The Gospels tell us little about the events in the life of the Holy Family of Nazareth. Much is left to our imagination, considering that Jesus lived with his family in Nazareth for nearly thirty years. The small number of episodes that have been transmitted to us are therefore essential for getting an insight into this Family’s mystery. The only story that presents Jesus at age twelve (then, at this age he was not just an adolescent but a person who had recently reached the age of maturity) interacting with his parents is found in the Gospel of Luke, in the narrative of “The finding of Jesus in the temple.” We would surely have expected the story of an idyllic page of the Holy Family, a bit like the commercials in which all the family members are always beautiful, smiling, and luminous, in total and absolute mutual understanding. Instead of that, to our amazement, the Gospel tells us a different story. To use a term very much in fashion today: The Family of Nazareth “is in crisis.” Mary and Joseph, who are very devote, go to the temple in Jerusalem every year for the Passover feast, as Luke tells us himself, and they take Jesus with them to educate him in these religious commitments. Yet, unexpectedly, on the way home from Jerusalem, after a day of travelling, they discover that Jesus is missing. This family prays, but apparently their prayers and their religious devotion do not preserve them from this kind of family adventure. Imagine, then, the sentiments that Mary and Joseph experience in the face of this totally unexpected event. A father and above all a mother can well understand the absurd anguish that engulfs a parent who cannot find a child and does not know where to look for him or her. In short, this Holy Family does not seem wonderful, nor does it seem to give us a good example, and, hence, it cannot be a model for us. Why is Luke the Evangelist so interested in this dramatic event that he tells us about it? The whole story changes our way of thinking about this Family and certainly sends us in another direction, to a greater mystery that is beyond our comprehension. Pope Francis, in Amoris Laetitia, opens our eyes to contemplate this mystery: “The Bible is full of families, births, love stories and family crises. This is true from its very first page, with the appearance of Adam and Eve’s family with all its burden of violence but also its enduring strength (cf. Gen 4)” (AL 8). The Word of God does not show us an idyllic and abstract image of the family, as we would expect but places before our eyes a series of stories of real families, with the singularity and uniqueness of their problems, difficulties, and challenges. The Word takes us right into reality with “the presence of pain, evil and violence that break up families and their communion of life and love” (AL 19). Similarly, it presents “the icon of the Holy Family of Nazareth. Its daily life had its share of burdens and even nightmares, as when they met with Herod’s implacable violence. This last was an experience that, sad to say, continues to afflict the many refugee families who in our day feel rejected and helpless” (AL 30). The basic point, then, is not the absence of crisis in families (no family, even the Holy Family, is free of them) but how to react in the face of any kind of crisis situation. Luke’s narrative, with its foresight and concreteness, offers to all families these fundamental indications, which become a true school of life for all. At first glance, we modern parents, full of attention and care for our children, at once grasp the imprudence of Joseph and Mary, who leave their son alone and unattended for a whole day on their journey back home. In fact, in that culture Jesus is no longer considered a minor, and consequently he is treated as a person who has come of age. Yet, beyond this, we can see another, deeper aspect that can be designated with a term often used in both the social and ecclesial spheres: there is an “educational challenge.” In this regard, Pope Francis gives us all a longsighted indicator, “Obsession, however, is not education. We cannot control every situation that a child may experience [...] The real question, then, is not where our children are physically, or whom they are with at any given time, but rather where they are existentially, where they stand in terms of their convictions, goals, desires and dreams. The questions I would put to parents are these: ‘Do we seek to understand ‘where’ our children really are in their journey? Where is their soul, do we really know? And above all, do we want to know?’” (AL 261). We meet many parents who are, eager to see their children engage in a great number of educational, sports, and artistic activities, and perhaps push them to do what they themselves wanted to do when they were young; but they never take time with them to listen, if only for a moment, to a whole range of concerns in their hearts. Joseph and Mary run this risk, with all the anxiety that it brings along, and only after three days—three long and interminable days—do they find Jesus again in the temple. Their first reaction is simple astonishment, for, as we read in Amoris Laetitia, “inevitably, each child will surprise us with ideas and projects born of that freedom, which challenge us to rethink our own ideas. This is a good thing. Education includes encouraging the responsible use of freedom to face issues with good sense and intelligence. It involves forming persons who readily understand that their own lives, and the life of the community, are in their hands, and that freedom is itself a great gift” (AL 262). A child is always surprising and a mystery for the parents from the moment of conception. “Scientific advances today allow us to know beforehand what color a child’s hair will be or what illnesses they may one day suffer, because all the somatic traits of the person are written in his or her genetic code already in the embryonic stage. Yet only the Father, the Creator, fully knows the child; he alone knows his or her deepest identity and worth” (AL 170). Hence, before the mystery of a child, the most sincere attitude can never be judgment, disappointment, blame, or condemnation. How often do words and statements such as the following, which are destructive for a child, come from the lips of parents: “You are not the child that I expected.” Before this “living reflection of their love, a permanent sign of their conjugal unity and a living and inseparable synthesis of their being a father and a mother” (AL 165) the holiest attitude is openness to God’s surprises. All this does not happen in a spiritual way or, to put it mildly, superhumanly. Of course, we are perturbed and troubled, as Joseph and Mary were, by unexpected events that provoke anguish; and this precisely explains why it is said that they looked anxiously for Jesus. The Gospel does not dehumanize the human heart but respects it and gives voice to feelings that they are neither good nor bad, and at the same time teaches us how to relate our feelings. We must always reflect and ask. Mary, indeed, on behalf of both, asks Jesus a question. The few words that she pronounces extraordinarily open for us the true mystery of parenthood: “Son, why have you done this to us? Behold, your father and I have been looking for you anxiously” (Lk 2:48). A son remains a son, and must always be called, recognized, and loved as such. The son must always be asked and listened to, never be accused and condemned; and a parent must never be afraid to put himself or herself into play in the relationship with the child: “Why did you do this to me?” It is not the moral norm or duty that are at stake here, or what is right or wrong. What matters most is the relationship which, in this case, is the basic parent-child relationship. Mary goes even further. She highlights not only the parent-child relationship but also their father-mother-son relationship, in its completeness and integrity. She, the mother, is speaking not only in her own name but firstly on behalf of his father and then on behalf of  herself.  This  sequence  brings  to  light  an  extraordinary  underlying  order  of  paternity  and maternity in relation to the offspring. Pope Francis rightly says that “‘each of the spouses ‘contributes in a distinct way to the upbringing of a child. Respecting a child’s dignity means affirming his or her need and natural right to have a mother and a father.’ We are speaking not simply of the love of father and mother as individuals, but also of their mutual love, perceived as the source of one’s life and the solid foundation of the family. Without this, a child could become a mere plaything. Husband and wife, father and mother, both ‘cooperate with the love of God the Creator, and are, in a certain sense, his interpreters.’ They show their children the maternal and paternal face of the Lord.” (AL 172). Why does Mary speak and not Joseph? Why does she first mention her husband? Because, from time immemorial, we cannot in any way deny the uniqueness of the relationship between a mother and the child conceived and carried in her womb: it is she who “joins with God to bring forth the miracle of a new life” (AL 168). Carrying the child inside her, in her womb, is not only an anatomical, physiological, or temporal aspect of being a mother but constitutes a permanent dimension that characterizes a woman’s motherhood. Mary speaks to Jesus because she has a closer, more intimate relationship with her son; but at the same time—and this is something that today’s mothers should all learn to do—she leads to Joseph and indicates the antecedence of fatherhood over motherhood. Here, we are far from a cultural or social discourse, or from any moralism, or even more, sexism that states the priority of the father over the mother. The Gospel narrative directs our gaze much farther, deeper, and higher: the father as such is a sign of God’s Fatherhood. On the other hand, what do we see today? “Ours is a ‘society without fathers.’ In Western culture, the father figure is said to be symbolically absent, missing or vanished” (AL 176). The Gospel, thus, sheds light on a fundamental truth: “children need to find a father waiting for them when they return home with their problems. They may try hard not to admit it, not to show it, but they need it” (AL 177). If Mary and Joseph can interact with Jesus as mother and father, this is because, fundamentally, their marital complicity is alive. We so often forget that the foundation of parenting is not the offspring (one becomes a parent not only by naturally giving birth to a child, and Joseph is a fine example of this fact) but the couple’s conjugal relationship. In fact, the essential crisis experienced today more than ever by the families concerns precisely the emotional illiteracy that, starting from the basic relationship of the two spouses, pours into all the other areas, generating a “‘culture of the ephemeral.’ Here I think, for example, of the speed with which people move from one affective relationship to another. They believe, along the lines of social networks, that love can be connected or disconnected at the whim of the consumer, and the relationship quickly ‘blocked.’ I think too of the fears associated with permanent commitment, the obsession with free time, and those relationships that weigh costs and benefits for the sake of remedying loneliness, providing protection, or offering some service. We treat affective relationships the way we treat material objects and the environment: everything is disposable; everyone uses and throws away, takes and breaks, exploits and squeezes to the last drop. Then, goodbye” (AL 39). All this clearly discourages the younger generation—frightened by the failure of those who have made this choice before them—from building a family. In this sense, the Family of Nazareth is not an ideal beacon, because it too is real and, in the contradictions and absurdities of its life, shows to all generations “the joy of love” (AL 1) experienced at home. For this reason, the Holy Father resolutely states: “The covenant of love and fidelity lived by the Holy Family of Nazareth illuminates the enables it better to face the vicissitudes of life and history. On this basis, every family, despite its weaknesses, can become a light in the darkness of the world. ‘Nazareth teaches us the meaning of family life, its loving communion, its simple and austere beauty, its sacred and inviolable character. May it teach how sweet and irreplaceable is its training, how fundamental and incomparable its role in the social order’” (AL 66). Do we want to learn to be a family? Let us get rid of the idealistic model that we have in our heads and look to the Holy Family showing everyone how critical events in life are an inexhaustible source of grace and holiness for the entire world.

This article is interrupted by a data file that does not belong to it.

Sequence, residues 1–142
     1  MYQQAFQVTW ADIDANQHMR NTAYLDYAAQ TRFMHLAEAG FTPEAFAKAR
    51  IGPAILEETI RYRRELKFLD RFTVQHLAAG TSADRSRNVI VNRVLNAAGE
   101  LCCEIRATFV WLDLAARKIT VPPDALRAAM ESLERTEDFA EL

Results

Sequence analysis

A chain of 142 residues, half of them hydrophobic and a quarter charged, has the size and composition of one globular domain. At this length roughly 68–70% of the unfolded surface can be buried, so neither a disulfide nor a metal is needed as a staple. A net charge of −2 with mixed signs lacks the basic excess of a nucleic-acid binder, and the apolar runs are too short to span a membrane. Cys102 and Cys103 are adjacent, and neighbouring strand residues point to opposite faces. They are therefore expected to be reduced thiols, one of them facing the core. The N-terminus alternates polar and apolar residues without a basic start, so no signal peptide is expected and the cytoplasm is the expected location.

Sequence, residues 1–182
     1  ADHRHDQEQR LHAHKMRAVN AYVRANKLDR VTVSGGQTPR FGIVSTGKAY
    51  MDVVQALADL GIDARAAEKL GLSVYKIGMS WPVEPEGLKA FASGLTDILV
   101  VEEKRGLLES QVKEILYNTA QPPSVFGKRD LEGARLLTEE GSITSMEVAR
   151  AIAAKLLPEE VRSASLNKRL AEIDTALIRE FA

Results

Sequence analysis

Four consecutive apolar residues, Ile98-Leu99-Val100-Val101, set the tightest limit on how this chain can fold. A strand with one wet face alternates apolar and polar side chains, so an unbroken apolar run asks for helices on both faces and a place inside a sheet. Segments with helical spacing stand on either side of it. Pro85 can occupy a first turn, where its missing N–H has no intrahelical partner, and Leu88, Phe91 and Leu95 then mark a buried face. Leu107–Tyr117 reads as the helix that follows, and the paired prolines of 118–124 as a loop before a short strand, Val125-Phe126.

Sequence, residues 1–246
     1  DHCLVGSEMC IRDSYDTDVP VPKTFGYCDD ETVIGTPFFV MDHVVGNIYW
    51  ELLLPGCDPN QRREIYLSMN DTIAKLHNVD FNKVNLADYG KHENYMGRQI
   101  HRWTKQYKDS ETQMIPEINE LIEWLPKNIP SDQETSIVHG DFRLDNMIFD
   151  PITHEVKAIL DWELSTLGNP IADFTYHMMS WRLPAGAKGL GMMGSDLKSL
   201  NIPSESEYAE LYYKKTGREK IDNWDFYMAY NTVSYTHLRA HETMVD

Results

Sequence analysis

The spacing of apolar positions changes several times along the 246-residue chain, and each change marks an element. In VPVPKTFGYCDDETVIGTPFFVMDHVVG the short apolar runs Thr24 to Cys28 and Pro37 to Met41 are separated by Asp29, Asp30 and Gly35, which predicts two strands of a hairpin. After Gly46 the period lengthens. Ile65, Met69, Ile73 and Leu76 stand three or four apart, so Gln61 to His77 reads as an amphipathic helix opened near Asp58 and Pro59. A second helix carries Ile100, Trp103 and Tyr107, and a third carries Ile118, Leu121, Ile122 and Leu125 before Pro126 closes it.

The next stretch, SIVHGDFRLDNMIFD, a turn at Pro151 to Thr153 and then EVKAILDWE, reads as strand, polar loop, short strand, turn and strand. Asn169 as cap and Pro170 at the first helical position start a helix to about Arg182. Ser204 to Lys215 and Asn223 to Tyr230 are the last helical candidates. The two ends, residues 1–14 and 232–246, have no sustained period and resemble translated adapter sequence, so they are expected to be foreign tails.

In the family

 

Let us reflect

  1. How can a family crisis become an inexhaustible source of grace?
  2. What is, in your view, the particular uniqueness of motherhood or fatherhood?

 

Let us live

  1. There have undoubtedly been difficulties and problems, or so-called “crises,” in your family and married life. How did you deal with them? Yet, in the light of the catechesis that you have meditated on, how should you have faced them?
  2. How do you live your fatherhood or motherhood in relation to the spouse that God has placed beside you? How do you let your children experience the mother-father relationship?

 

 

In church

 

Let us reflect

  1. Why is the beauty of the culture of love-forever struggling to be attractive in the face of the provisional?
  2. In what sense is God’s Fatherhood the foundation of all earthly parenthood?

 

Let us live

  1. How should an ecclesial community act in the face of the multiple and frequent crises in families? What style, methods, tools, spaces and other means is it called to offer?
  2. Being a father and being a mother is the hardest and most complex mission. How is the Church called to make Her contribution to this particular and unique mission?